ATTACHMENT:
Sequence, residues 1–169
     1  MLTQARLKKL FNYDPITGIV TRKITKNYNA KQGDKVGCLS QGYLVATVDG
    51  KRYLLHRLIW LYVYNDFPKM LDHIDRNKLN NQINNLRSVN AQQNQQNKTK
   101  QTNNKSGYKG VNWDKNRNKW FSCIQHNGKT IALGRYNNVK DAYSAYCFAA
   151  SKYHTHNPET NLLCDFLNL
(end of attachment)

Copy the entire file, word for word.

Sequence, residues 1–169
     1  MLTQARLKKL FNYDPITGIV TRKITKNYNA KQGDKVGCLS QGYLVATVDG
    51  KRYLLHRLIW LYVYNDFPKM LDHIDRNKLN NQINNLRSVN AQQNQQNKTK
   101  QTNNKSGYKG VNWDKNRNKW FSCIQHNGKT IALGRYNNVK DAYSAYCFAA
   151  SKYHTHNPET NLLCDFLNL